Last July, Ottawa council directed staff and the Ottawa Sports and Entertainment Group (OSEG) to develop a plan to make Lansdowne financially sustainable. The result is a 102-page city staff report, made public on April 27. It calls for an additional $330 million in taxpayer funds to be spent, 10 years after Lansdowne’s first makeover.
The city’s powerful Finance and Economic Development Committee (FEDCO) is being asked to give this concept “approval in principle” on May 6. This gives little time for consideration, let alone close reading of the complex proposal. Then it goes to council for a vote. Receiving approval means that work would get started right away. There would be consultations, but initiatives including rezoning for what looks like three towers, upwards of 35 storeys high, would begin almost immediately.
Is this not a train leaving the station prematurely?
A quick reading of the document suggests some good ideas for improving the public realm: cycling/walking connections, more benches and street trees. Adding some more housing and residents to the space is an idea with merit: more people living onsite means more patrons to support local retail and animate the space. The north-side stands evidently need to be overhauled, a key part of the plan. Ditto the Civic Centre. Although one has to wonder if it’s so obvious, why was this additional investment not put front-and-centre 10 years ago with Lansdowne 1.0? Seems like a costly redo for taxpayers.
Importantly, city taxpayers should take note that the financing plan relies heavily on the three very large towers. It “assumes that we direct 90% of the additional property tax to fund this project. The remaining 10% property tax uplift and the annual budget tax increases would be available for funding City tax-supported services.” Will 10 per cent cover city services (and education?) needed to support this level of intensification (2,500 more residents)? Do councillors support the assumption that annual tax increases can cover shortfalls? Is this a robust strategy?
Without an LRT link, transportation remains one of the biggest challenges. How will even more residents/visitors from outside the core reasonably get in and out of Lansdowne for large events? Have we included these transport costs? It can’t be wise to invest more public funds in event spaces if we can’t afford transportation to support them on this site.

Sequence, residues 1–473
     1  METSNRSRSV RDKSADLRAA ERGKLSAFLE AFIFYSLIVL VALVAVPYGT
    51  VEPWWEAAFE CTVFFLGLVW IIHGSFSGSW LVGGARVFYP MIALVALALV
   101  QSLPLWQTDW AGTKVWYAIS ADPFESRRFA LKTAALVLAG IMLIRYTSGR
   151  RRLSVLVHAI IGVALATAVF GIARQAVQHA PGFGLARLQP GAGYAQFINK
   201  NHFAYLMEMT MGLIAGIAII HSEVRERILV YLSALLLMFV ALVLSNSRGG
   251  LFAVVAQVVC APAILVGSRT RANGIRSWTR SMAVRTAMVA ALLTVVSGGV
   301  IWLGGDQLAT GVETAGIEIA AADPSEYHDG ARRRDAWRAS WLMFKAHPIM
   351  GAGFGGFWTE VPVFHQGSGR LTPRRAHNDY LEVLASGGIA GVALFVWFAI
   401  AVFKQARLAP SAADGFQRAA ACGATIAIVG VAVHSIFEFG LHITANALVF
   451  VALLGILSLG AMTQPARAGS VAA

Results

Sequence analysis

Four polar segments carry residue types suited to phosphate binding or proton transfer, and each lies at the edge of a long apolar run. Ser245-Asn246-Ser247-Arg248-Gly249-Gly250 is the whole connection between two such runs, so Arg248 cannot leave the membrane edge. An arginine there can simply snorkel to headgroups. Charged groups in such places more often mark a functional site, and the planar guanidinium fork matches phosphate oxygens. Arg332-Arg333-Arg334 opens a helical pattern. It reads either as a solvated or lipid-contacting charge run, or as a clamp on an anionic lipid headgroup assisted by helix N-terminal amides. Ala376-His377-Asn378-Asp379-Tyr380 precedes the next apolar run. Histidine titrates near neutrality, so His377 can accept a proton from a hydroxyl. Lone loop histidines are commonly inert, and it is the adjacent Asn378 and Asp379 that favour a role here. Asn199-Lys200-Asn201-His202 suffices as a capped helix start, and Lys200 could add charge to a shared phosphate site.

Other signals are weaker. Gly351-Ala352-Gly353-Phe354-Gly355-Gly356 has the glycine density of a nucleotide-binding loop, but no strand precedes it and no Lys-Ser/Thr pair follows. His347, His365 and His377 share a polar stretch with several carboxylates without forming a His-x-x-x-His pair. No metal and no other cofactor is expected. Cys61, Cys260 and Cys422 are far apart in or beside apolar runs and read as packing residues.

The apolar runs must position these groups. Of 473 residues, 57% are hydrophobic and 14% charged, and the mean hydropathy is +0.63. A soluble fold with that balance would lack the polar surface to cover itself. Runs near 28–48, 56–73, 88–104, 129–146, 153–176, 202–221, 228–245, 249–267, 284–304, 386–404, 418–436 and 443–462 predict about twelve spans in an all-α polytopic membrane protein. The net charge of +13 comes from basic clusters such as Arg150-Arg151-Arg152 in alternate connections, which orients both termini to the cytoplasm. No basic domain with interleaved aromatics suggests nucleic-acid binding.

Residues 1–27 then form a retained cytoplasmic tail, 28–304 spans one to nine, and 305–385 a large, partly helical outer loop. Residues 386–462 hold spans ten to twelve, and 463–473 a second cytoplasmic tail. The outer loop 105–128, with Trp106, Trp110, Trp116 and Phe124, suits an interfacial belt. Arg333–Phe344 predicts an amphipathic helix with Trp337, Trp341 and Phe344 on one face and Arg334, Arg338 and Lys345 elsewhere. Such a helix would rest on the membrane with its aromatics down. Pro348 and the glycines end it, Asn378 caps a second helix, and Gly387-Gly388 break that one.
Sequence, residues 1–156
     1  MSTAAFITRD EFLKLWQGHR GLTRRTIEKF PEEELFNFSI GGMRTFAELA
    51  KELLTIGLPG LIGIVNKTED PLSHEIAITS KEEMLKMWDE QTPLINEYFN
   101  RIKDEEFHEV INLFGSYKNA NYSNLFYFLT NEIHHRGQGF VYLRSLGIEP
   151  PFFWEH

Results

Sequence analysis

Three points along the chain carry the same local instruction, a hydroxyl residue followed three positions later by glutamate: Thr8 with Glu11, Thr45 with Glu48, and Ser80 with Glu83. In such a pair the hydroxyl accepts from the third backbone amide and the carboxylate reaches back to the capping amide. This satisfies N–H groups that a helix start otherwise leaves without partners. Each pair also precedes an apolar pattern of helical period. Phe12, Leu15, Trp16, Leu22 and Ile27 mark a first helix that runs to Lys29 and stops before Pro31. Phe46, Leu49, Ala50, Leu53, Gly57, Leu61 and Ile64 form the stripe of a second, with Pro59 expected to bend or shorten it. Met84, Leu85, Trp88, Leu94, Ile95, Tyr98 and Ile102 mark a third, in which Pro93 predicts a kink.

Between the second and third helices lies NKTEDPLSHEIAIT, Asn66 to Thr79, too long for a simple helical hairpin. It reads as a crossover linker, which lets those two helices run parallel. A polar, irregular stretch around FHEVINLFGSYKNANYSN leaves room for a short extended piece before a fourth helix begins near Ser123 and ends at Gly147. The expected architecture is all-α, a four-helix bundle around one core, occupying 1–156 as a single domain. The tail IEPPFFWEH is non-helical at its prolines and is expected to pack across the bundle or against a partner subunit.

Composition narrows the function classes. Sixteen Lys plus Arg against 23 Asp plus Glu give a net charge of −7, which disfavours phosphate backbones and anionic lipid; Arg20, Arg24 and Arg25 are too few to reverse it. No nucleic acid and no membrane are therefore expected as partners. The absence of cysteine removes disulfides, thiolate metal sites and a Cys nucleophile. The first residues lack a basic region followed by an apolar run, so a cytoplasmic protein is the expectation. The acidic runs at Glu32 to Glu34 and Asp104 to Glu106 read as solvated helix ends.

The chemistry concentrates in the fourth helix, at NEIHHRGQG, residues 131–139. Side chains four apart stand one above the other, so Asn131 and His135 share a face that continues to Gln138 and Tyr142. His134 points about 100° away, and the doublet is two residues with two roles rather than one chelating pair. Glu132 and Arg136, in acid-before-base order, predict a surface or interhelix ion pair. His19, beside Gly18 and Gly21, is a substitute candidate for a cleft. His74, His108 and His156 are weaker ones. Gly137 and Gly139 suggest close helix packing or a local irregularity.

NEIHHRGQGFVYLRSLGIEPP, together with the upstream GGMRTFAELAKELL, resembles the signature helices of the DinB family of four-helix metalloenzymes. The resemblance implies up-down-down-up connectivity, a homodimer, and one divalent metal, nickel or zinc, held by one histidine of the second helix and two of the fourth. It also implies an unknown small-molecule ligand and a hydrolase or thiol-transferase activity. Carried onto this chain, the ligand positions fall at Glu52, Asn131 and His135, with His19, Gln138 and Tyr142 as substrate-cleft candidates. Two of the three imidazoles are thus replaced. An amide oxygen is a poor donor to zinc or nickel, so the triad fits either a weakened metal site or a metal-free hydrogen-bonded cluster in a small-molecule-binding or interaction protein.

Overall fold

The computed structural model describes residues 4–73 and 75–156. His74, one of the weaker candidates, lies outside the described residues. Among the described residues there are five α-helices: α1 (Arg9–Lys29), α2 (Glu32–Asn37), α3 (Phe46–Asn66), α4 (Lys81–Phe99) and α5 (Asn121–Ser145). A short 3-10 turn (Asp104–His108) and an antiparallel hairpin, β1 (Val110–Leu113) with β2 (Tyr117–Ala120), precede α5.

An initial reading of Lansdowne 2.0 raises other significant issues. Focusing on some of the big ones:
• Will three very tall towers add or subtract from Lansdowne’s ambience and ability to attract visitors? What about impacts on heritage buildings?
• What’s the plan to address the existing sterile/corporate-looking buildings in the interior that don’t help attract visitors outside of large events (Lansdowne 1.0 promised a “charming and unique village atmosphere”; what happened?)
• How does the city justify reducing the usable park space, particularly when adding 2,500 residents?
• Will additional public investments in Lansdowne 2.0 complement or compete with other sports/entertainment/park facilities in Ottawa? At LeBreton Flats (on the LRT)?
• Is cutting seating capacity to result in the smallest CFL stadium a good idea for a growing Ottawa?
• What will happen with toxic soil in the berm, and at what cost?
Ottawa aspires to be North America’s most livable mid-sized city. This is a huge opportunity to reset the course so Lansdowne supports that goal. Let’s not repeat past mistakes by glossing over tough questions and rushing this through.
What would an appropriate process look like? Lansdowne 2.0 should go to FEDCO for information. FEDCO should avoid committing to a certain path (as they are being asked to do) and should not green-light work to begin now without proper public oversight. Meaningful public consultation should take place first — and FEDCO should launch these consultations right away.
Lansdowne 2.0 deserves better — before it’s too late.
Carolyn Mackenzie is Planning Chair, Glebe Community Association and Planning Advisory Committee member, City of Ottawa. Neil Thomson is President, Kanata Beaverbrook Community Association.